Sentence Examples with the word recoverable

Most kinds of offerings are now recoverable in secular courts.

In 1886, however, it was enacted that no such extraordinary charge shall be levied on any such grounds so newly cultivated in future; the capital value of the existing charges was assessed, and the payment of interest thereon was made a rent charge on the land payable in priority to all other charges until its redemption, and recoverable in the same way as ordinary rent charge and exempt from all rates, charges and assessments: the charge was redeemable at the capital value, and, saving existing contracts, it was as between landlord and tenant payable by the landlord, any agreement to the contrary notwithstanding; and it is not subject to the Tithe Act of 1891.

Acting without making the declaration, or without being qualified at the time of making the declaration, or after ceasing to be qualified, or after becoming disqualified, involves liability to a fine not exceeding X50, recoverable by action.

View more

The amount was recoverable as a debt from the criminal to the extent of his property, and in his default from the members of his fine in sums determined by the degree of relationship; and it was distributable among the members of the fine of a murdered person in the same proportions, like a distribution among the next of kin.

Money disbursed by consuls on account of the illness or injury of seamen is generally recoverable from the owner.

The landowner is made liable to pay the rent charge in spite of any contract to the contrary between him and the occupier; the rent charge if in arrear for three months is recoverable by an order of the county court, whatever its amount may be: if the land is occupied by the owner, the order is executed by the same means as those prescribed in the Tithe Acts; but if it is not, then by a receiver being appointed for the rents and profits of the land: neither landlord nor occupier is personally liable for payment; and appeal lies to the High Court on points of law; and a remission of rent charge may be claimed when its amount exceeds two-thirds of the annual value of the land.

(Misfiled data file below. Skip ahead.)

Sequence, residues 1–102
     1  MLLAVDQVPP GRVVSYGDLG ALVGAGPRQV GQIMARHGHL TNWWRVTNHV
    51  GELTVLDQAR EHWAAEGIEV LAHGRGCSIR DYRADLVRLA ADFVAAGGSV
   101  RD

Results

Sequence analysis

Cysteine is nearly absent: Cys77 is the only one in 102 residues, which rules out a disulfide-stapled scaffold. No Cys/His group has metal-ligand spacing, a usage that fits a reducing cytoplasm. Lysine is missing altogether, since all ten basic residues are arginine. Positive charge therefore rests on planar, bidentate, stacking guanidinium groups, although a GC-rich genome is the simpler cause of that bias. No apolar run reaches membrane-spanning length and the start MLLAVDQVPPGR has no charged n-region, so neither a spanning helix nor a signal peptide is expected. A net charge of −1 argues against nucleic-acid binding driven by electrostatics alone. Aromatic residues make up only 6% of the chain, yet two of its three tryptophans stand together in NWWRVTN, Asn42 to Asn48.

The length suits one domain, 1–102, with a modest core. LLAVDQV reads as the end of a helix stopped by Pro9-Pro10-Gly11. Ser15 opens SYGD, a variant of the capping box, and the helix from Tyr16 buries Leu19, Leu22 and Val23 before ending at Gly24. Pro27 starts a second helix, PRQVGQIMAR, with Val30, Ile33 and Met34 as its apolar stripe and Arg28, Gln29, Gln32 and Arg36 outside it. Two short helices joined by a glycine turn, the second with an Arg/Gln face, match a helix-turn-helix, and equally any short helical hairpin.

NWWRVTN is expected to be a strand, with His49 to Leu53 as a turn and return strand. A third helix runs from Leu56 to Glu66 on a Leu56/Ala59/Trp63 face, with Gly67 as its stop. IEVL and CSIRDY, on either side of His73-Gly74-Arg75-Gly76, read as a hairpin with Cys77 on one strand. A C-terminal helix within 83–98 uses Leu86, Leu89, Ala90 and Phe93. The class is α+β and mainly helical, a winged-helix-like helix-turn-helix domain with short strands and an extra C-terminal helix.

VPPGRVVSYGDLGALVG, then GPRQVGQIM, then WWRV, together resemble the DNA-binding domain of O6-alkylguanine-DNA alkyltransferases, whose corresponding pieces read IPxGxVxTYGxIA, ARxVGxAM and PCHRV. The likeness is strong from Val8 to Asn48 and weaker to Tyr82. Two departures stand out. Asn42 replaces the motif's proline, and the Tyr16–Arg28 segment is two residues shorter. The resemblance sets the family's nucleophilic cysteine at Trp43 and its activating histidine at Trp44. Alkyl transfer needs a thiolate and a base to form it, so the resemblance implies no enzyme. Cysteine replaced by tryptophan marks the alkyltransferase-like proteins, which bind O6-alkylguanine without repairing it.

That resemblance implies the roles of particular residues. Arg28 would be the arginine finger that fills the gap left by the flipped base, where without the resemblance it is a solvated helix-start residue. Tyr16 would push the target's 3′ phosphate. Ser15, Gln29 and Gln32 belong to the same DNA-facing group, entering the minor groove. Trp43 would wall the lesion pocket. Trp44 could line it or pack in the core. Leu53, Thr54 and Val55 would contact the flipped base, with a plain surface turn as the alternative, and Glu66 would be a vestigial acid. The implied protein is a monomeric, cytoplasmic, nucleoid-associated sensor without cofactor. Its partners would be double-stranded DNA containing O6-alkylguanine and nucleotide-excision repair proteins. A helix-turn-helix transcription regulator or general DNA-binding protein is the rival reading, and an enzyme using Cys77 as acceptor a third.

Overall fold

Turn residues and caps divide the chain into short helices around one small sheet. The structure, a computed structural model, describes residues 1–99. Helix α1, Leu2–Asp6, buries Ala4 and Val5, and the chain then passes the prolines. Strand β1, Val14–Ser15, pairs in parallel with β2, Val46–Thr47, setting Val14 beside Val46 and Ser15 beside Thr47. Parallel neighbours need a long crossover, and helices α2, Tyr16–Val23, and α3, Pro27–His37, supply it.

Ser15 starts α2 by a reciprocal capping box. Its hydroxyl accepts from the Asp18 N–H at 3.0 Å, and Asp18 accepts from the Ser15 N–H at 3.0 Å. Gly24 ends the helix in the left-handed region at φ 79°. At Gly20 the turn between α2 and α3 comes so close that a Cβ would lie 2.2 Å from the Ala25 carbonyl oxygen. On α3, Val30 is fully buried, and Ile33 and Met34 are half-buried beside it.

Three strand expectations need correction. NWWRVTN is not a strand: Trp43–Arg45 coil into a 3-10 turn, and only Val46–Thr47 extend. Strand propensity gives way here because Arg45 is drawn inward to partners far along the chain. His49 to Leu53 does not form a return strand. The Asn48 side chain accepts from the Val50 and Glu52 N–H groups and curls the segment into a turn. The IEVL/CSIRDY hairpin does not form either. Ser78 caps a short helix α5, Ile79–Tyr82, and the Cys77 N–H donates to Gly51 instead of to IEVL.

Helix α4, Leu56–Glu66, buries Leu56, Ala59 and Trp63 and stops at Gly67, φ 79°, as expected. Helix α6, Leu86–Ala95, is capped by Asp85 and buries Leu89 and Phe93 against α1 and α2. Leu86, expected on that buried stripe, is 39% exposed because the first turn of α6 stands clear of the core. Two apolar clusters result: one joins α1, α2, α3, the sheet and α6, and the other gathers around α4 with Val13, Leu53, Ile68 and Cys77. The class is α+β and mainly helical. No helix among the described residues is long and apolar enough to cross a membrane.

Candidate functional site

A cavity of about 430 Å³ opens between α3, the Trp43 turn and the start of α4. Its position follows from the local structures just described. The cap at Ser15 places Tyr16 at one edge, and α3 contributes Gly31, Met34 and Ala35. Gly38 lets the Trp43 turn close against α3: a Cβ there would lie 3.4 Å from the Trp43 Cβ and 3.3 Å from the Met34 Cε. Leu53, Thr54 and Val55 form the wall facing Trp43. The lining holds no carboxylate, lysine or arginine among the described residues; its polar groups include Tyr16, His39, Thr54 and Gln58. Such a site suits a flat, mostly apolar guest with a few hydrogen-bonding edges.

A benefice is avoided or vacated - (1) by death; (2) by resignation, if the bishop is willing to accept the resignation: by the In cumbents' Resignation Act 1871, Amendment Act 188 7, any clergyman who has been an incumbent of one benefice continuously for seven years, and is incapacitated by permanent mental or bodily infirmities from fulfilling his duties, may, if the bishop thinks fit, have a commission appointed to consider the fitness of his resigning; and if the commission report in favour of his resigning, he may, with the consent of the patron (or, if that is refused, with the consent of the archbishop) resign the cure of souls into the bishop's hands, and have assigned to him, out of the benefice, a retiring-pension not exceeding one-third of its annual value, which is recoverable as a debt from his successor; (3) by cession, upon the clerk being instituted to another benefice or some other preferment incompatible with it; (4) by deprivation and sentence of an ecclesiastical court; under the Clergy Discipline Act 1892, an incumbent who has been convicted of offences against the law of bastardy, or against whom judgment has been given in a divorce or matrimonial cause, is deprived, and on being found guilty in the consistory court of immorality or ecclesiastical offences (not in respect of doctrine or ritual), he may be deprived or suspended or declared incapable of preferment; (5) by act of law in consequence of simony; (6) by default of the clerk in neglecting to read publicly in the church the Book of Common Prayer, and to declare his assent thereto within two months after his induction, pursuant to an act of 1662.

Where an intending borrower breaks his agreement to borrow, specific performance will not be granted, and the damages recoverable must be measured by the loss sustained through the breach and not by the sum agreed to be lent (The South African Territories, Limited v.

Arrears of debt, for instance, were made recoverable for one year only, instead of the ten years.

Putting aside those created by statute, recoverable by civil process, debts may be divided into three classes, (I) judgment debts, (2) specialty debts, and (3) simple contract debts.